INDIANANPOLIS – When Bill Vukovich was dominating the Indianapolis 500 with back-to-back victories in 1953 and ’54, he was known as “The Mad Russian.” It was an inaccurate nickname considering Vukovich was born in Fresno, California, and of Serbian descent – not Russian.
When Mikhail Aleshin of Moscow walked onto the starting grid of the Indianapolis 500 in 2014, he was the first true Russian to compete in “The Greatest Spectacle in Racing,” an accomplishment so big in his homeland, it was the first Indianapolis 500 televised in Russia.
Aleshin is back for his third Indianapolis 500 this weekend with Schmidt Peterson Motorsports, qualifying 13th for Sunday’s race with a four-lap average of 230.271 mph in the No. 7 SMP Racing Honda.
Aleshin continues to gain fans and make friends in the United States with his fearless nature behind the wheel.
“The response has been great from the beginning and I have no idea the reason for that,” Aleshin said. “It was definitely very nice for the people who supported me so much and I always felt that support from the people cheering for me. It makes you stronger because I feel that support inside the race car and I’m very thankful.”
Team co-owner Sam Schmidt knows the reason for Aleshin’s popularity in the United States. It’s called “raw speed.”
“The first time we did the rookie test Mikhail was flat (on the accelerator) the fourth time by,” Schmidt recalled. “We had to slow him down to get within the rookie parameters. He is not intimidated.
“Now, after California Speedway he has a lot more respect what can happen.”
What happened at Auto Club Speedway in Fontana, California, was a massive crash in final practice for the 2014 Verizon IndyCar Series finale. Aleshin sustained a concussion, fractured ribs, a broken right clavicle and chest injuries.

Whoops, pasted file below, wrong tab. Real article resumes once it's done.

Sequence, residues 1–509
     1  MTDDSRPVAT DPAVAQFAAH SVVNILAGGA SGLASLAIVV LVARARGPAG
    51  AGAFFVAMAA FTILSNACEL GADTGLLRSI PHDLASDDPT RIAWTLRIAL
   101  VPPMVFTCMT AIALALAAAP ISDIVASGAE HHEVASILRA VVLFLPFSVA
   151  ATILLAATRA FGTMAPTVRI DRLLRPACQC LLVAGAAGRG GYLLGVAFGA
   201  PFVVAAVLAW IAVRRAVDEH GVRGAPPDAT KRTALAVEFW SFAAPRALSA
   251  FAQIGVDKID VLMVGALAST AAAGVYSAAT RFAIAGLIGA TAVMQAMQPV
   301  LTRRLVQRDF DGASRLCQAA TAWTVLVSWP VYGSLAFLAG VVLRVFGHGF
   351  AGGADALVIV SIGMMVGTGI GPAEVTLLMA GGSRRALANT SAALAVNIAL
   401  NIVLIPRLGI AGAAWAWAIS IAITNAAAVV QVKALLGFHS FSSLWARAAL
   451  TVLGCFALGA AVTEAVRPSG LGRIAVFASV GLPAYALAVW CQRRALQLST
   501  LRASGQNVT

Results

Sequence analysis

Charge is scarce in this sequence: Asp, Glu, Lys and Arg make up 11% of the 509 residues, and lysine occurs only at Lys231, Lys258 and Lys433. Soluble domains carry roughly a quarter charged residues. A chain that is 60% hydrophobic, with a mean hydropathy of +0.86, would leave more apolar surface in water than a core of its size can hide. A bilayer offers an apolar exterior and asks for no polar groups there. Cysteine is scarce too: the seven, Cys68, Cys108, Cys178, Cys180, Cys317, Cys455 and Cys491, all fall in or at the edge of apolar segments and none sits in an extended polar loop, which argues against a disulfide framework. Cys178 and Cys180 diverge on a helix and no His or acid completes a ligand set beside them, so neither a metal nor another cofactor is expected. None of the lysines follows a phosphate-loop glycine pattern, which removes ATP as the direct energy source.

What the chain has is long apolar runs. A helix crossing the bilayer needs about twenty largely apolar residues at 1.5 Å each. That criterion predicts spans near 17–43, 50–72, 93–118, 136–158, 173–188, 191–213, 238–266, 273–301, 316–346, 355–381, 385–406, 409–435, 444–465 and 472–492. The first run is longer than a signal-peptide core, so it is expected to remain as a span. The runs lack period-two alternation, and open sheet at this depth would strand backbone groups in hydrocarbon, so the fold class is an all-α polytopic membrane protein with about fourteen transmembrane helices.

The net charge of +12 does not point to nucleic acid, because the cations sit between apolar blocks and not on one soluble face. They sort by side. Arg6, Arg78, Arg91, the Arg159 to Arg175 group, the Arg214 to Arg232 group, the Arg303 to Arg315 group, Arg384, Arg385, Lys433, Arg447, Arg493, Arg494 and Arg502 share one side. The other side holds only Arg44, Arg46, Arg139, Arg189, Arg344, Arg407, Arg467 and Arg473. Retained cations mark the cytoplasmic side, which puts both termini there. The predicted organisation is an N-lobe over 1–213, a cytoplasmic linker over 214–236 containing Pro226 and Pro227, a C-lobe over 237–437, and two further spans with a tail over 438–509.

He would miss the 2015 Indianapolis 500 recovering from the injuries before climbing back into the Schmidt Peterson Motorsports Honda for the final race of the season at Sonoma Raceway. Aleshin returned for the full season in 2016, finishing 15th in points and winning the pole and finishing second at Pocono Raceway.
Although Aleshin never competed in the Mazda Road to Indy presented by Cooper Tires ladder system, Schmidt knew Aleshin was a fast driver from his European racing success.
“You don’t get through the European ranks and win Formula Renault 3.5 over (current Formula One driver) Daniel Ricciardo and you don’t have the resume he does without being talented, period,” Schmidt said. “So we knew he would be talented. Now, he is energized, poised and focused on being able to win races. I think this is going to be a great year for him.
“He has no distractions. He is totally committed. He loves living in Indianapolis. I think he enjoys INDYCAR racing even more than Formula One because there aren’t all the distractions and politics involved.”
Aleshin started racing go-karts in Russia at 7, but auto racing was not very popular then in Russia, so he went to Europe. Aleshin showed raw speed and made his way through the ranks from go-karts in the European championship, up to Formula Renault 3.5, A1GP, GP1 GP2 and finally testing for several Formula One teams.
“I knew at some point I wanted to do something else like INDYCAR,” Aleshin said. “Together with my support from Russia, that’s how I got here.”
Schmidt gave Aleshin his chance and it has developed into an impressive combination. The driver led 33 laps at Mid-Ohio last season before being involved in an incident on pit road. In the next race, he started on the pole at Pocono and led 87 laps before finishing second to Team Penske’s Will Power.
He has created interest in the Verizon IndyCar Series in Russia and calls the Indianapolis 500 is the “Olympics of Auto Racing.”
“Everything you do with Mikhail is unique,” Schmidt said. “He has a great sense of humor. He has that old-school attitude; he just wants to race. He wants to dice it up and have a good time. He has no intimidation whatsoever on the ovals. He has the ‘go-for-it’ attitude. I think you are going to see some really good things from him this year.”
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